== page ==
So where else does brown come from?

Well, going back even further, brown was made from the earth, from coloured clay soils. There are loads of places to dig these up all over the world.

Umber and Ochre

There’s Umber. Which is a natural dark brown made up of an earthy pigment of iron oxide (rust) and manganese oxide. It’s named after Umbria, a mountainous region of Italy where it was historically produced. And has been used by humans since the neolithic period and it appears in cave drawings.

Then there’s Ochre, which comes from the Greek word meaning ‘pale yellow’ but it’s come to mean something browner, or earthier. And it’s probably the one people have heard about the most – it was the first colour paint. It is the colour of the oldest cave paintings. It has been used all over the world since painting began and it is still used today.

In classical times the best ochre came from the Black Sea city of Sinope, in what is now Turkey. It was so valuable it was stamped with a special seal and was known as Sealed Sinope. Later the words sinopia or sinoper became general terms for reddish brown ochre.

“Red Indians”

The first European settlers in North America called the indigenous native people “Red Indians” because they painted themselves with ochre. They believed that it protected against evil because it symbolised the good elements of the world. It also kept them warm in winter and insect free in the summer.

There are big ochre mines in the Luberon in southern France and even more famous deposits in Sienna in Tuscany.  Cennino Cennini wrote about finding ochre in Tuscany when he was a boy.  He found yellow, reddish brown, blue and white. “These colours showed up in the earth the way a wrinkle shows in the face of a man or a woman” he said.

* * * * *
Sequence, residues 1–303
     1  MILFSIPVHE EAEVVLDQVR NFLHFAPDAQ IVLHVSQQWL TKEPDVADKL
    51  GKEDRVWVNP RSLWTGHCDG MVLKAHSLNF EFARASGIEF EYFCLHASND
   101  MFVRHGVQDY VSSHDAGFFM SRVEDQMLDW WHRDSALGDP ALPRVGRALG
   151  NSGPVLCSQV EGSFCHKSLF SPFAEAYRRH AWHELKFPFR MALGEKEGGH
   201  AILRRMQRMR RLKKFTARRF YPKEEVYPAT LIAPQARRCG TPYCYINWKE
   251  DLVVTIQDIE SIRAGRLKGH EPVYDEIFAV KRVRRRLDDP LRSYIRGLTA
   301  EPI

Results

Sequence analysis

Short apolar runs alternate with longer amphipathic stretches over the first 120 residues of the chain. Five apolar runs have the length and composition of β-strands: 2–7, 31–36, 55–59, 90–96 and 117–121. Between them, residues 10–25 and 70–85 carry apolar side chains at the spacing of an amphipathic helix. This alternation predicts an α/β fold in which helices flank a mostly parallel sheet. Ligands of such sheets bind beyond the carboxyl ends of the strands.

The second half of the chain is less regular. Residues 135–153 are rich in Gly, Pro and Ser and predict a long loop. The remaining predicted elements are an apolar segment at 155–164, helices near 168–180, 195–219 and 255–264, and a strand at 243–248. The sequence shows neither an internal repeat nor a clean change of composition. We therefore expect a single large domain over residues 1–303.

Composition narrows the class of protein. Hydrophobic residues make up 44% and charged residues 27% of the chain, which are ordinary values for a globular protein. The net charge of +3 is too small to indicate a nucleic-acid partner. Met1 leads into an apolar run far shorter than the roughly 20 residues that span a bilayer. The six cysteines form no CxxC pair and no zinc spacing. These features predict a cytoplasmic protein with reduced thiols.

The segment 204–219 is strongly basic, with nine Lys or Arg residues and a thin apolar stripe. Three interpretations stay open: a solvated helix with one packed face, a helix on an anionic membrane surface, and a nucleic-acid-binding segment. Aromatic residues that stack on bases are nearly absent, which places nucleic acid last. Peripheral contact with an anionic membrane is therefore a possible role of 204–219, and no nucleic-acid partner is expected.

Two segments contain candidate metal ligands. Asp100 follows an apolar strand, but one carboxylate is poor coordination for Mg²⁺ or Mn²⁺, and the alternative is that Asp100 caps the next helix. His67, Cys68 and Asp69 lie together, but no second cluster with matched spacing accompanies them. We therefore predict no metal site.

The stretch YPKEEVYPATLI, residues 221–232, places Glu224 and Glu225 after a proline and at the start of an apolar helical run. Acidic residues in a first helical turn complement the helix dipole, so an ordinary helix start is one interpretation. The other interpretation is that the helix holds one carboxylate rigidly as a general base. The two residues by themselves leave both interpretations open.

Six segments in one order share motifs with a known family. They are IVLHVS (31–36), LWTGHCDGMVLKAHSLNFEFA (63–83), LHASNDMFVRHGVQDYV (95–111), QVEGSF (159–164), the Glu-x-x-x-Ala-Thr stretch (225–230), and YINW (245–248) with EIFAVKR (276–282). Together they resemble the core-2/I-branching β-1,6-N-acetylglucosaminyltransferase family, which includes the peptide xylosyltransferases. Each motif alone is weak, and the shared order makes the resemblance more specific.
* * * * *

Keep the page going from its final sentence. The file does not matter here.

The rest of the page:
The longest continuous painting tradition in the world is in Australia where cave painters were using ochre more than forty thousand years ago. Recently this ancient tradition has become one of the most exciting art movements in the world. It is also one of the most secretive and is protected very heavily.  

A bit closer to home, there’s plenty of ochre in Britain. A couple of months ago I went to Clearwell Caves in Gloucestershire, where ochre is still mined and ground up for pigment, that’s part of a tradition going back over 4,000 years.

And even closer to home there’s the Red Lady of Paviland.

Who is actually a bloke. Who is more of a brown than a true red. But there we are.

He is from the old Stone Age, the Upper Paleolithic, buried here in Wales around 35,000 years ago. The bones were discovered in 1823 by William Buckland in an archaeological dig at Goat’s Hole Cave (Paviland cave) — one of the limestone caves between Port Eynon and Rhossili on the Gower Peninsula. It was a very exciting find at the time and he’s now in a museum in Oxford, far from his original burial ground. Which is a pity. We’d like him back, please.

Bristol Stool Chart

And here are a few weird facts to end up with.

  1. The world’s first colorimeter, or a colour scale, was invented to distinguish different shades of brown by Joseph Lovibond. He designed it to tell the difference between grades of beer.
  2. The Bristol Stool Chart, that’s stool as in poop, is a diagnostic medical tool designed to classify the form of human poop into seven categories. It was developed at the Bristol Royal Infirmary in 1997.
  3. There’s a bit of a modern craze for making art from poop. Chris Ofili famously made paintings using elephant dung, an artist called Katsu made a portrait of Facebook founder Mark Zuckerberg in poop and even Pablo Picasso painted with his young daughter’s poop, as it had a unique texture and ochre colour.

And that’s it from me. Thanks for listening to my podcast about the colour brown. Next time – oooh, I don’t know, what shall I do? Come and join me and find out. Bye. Hwyl Fawr.